Instead of doing one large piece (20" x 32") I decided to cut my surface and do two smaller 16" x 20" pieces. The reason for this is that unlike past years, I did not have someone close to me driving to Heroes to transport something so large as my past pieces...the two smaller pieces fit inside my luggage I'll be flying with to the convention. I started by laying out a digital composite of two sketches (one of Saxon and one of Kenzie...both traditionally drawn on paper and scanned) inside a frame border that I interpreted from a carved wooden frame I found doing some reference searching for medieval borders.

Once I had the digital composites the way I wanted them, I printed them out to scale. This meant each piece was made up of 4 sheets of printer paper, aligned (hence the grid on the above image) and taped together. On the back side of the taped together printouts, I rubbed graphite all over them...or at least wherever there were lines I needed transferred onto the mat board.

I taped the printouts, graphite side down, to the mat board, and then traced over all my linework with a ball point pen. Wherever I applied pressure with the pen, the graphite transferred onto the surface of the mat board. When both pieces were successfully transferred, it was time to get set up for painting. Some of my fans got to watch the following steps as I broadcast on Twitch (sorry, I didn't record them). For watercolors I used mostly Windsor Newtons and mostly colors that were already dried onto the plastic palate: Cadmium red, Yellow Ochre, Cadmium Yellow, Burnt Sienna...I'm forgetting the other colors...I know I used a bit of Payne's Gray too...

Over one long night I built up layers of yellows and golds and then reds and crimsons to get the border done. Fans on Twitch asked me why I started with the border, and I didn't have a great answer. Some of the reason was to get the big area wash of yellow/golds down as a light color (in watercolor you tend to work light to dark) but I think some of it was also to get the fiddly bit done so that the end of the painting was looser and more organic. At the completion of the borders of both pieces, I set them aside and went to bed.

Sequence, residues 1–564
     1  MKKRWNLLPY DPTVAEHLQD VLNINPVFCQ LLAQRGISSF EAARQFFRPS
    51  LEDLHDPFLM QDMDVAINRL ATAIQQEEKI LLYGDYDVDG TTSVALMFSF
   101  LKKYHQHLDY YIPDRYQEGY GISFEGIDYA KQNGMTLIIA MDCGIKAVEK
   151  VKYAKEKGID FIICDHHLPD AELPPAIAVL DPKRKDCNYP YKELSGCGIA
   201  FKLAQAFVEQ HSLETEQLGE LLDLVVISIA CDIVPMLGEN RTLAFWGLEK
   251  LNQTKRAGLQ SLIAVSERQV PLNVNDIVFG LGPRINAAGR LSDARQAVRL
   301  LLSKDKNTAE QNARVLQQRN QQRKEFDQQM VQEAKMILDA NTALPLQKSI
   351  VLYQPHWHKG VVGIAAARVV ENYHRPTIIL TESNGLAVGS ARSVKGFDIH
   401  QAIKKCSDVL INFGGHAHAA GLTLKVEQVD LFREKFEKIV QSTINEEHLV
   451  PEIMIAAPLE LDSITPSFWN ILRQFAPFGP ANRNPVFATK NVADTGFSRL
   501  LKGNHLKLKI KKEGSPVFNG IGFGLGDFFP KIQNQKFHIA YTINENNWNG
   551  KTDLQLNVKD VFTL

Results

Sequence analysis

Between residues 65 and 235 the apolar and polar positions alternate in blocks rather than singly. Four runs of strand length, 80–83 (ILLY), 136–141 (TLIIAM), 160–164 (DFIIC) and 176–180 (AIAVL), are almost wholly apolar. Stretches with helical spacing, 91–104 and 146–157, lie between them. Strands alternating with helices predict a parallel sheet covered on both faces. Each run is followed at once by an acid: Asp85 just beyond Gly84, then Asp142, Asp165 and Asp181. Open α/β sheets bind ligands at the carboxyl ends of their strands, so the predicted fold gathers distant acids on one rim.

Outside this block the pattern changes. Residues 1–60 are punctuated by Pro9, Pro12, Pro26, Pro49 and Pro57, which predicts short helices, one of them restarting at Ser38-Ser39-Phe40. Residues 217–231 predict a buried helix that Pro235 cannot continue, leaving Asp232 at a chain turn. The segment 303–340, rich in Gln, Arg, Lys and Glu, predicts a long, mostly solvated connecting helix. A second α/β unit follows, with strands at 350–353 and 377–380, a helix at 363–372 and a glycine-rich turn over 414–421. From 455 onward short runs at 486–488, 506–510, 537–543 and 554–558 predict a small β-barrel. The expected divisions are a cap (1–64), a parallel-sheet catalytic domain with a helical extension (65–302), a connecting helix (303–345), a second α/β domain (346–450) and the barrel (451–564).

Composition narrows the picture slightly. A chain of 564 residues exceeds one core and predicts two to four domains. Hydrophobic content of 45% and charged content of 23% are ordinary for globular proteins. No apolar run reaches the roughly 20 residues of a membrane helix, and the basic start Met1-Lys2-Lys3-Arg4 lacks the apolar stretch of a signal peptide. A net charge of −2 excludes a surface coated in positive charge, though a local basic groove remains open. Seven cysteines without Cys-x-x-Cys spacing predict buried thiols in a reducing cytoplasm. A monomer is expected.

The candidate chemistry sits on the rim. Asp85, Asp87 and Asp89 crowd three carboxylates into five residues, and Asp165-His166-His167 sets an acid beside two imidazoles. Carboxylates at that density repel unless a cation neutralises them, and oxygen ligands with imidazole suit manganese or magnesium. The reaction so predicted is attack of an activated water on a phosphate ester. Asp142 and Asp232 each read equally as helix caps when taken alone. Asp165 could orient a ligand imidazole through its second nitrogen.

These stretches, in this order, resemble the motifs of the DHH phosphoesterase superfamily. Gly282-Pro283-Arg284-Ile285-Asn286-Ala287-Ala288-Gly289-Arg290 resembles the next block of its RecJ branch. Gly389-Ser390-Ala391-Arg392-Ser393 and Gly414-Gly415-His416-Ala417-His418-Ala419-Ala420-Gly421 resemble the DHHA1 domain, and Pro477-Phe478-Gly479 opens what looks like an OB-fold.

Two days later when I was able to get back to the paintings and broadcast, I dug into painting the middle areas. I worked mostly from light to dark, building up the larger areas and then focusing down to smaller elements (Kenzie's staff, Saxon's sword) as I got closer and closer to being finished.
The last step (seen below) was to 'ink' the piece with a dark brown color pencil. I find that my paintings need a bit of linework and that inking with black ink tends to be a bit too high-contrast and heavyy handed, and the color pencil gives some structure without overbearing the piece with line.

One of these pieces will be up for auction at the convention Saturday.
The other will be privately for sale at my table on Sunday.

I have also scanned them so that I can possibly reprint them in a sketchbook or art book at some point.

2018 Appearances:
Heroes Con: June 15-17
San Diego Comic Con: July 18-22
Baltimore Comic Con: Sept. 28-30
New York Comic Con: Oct. 4-7

Blog Archive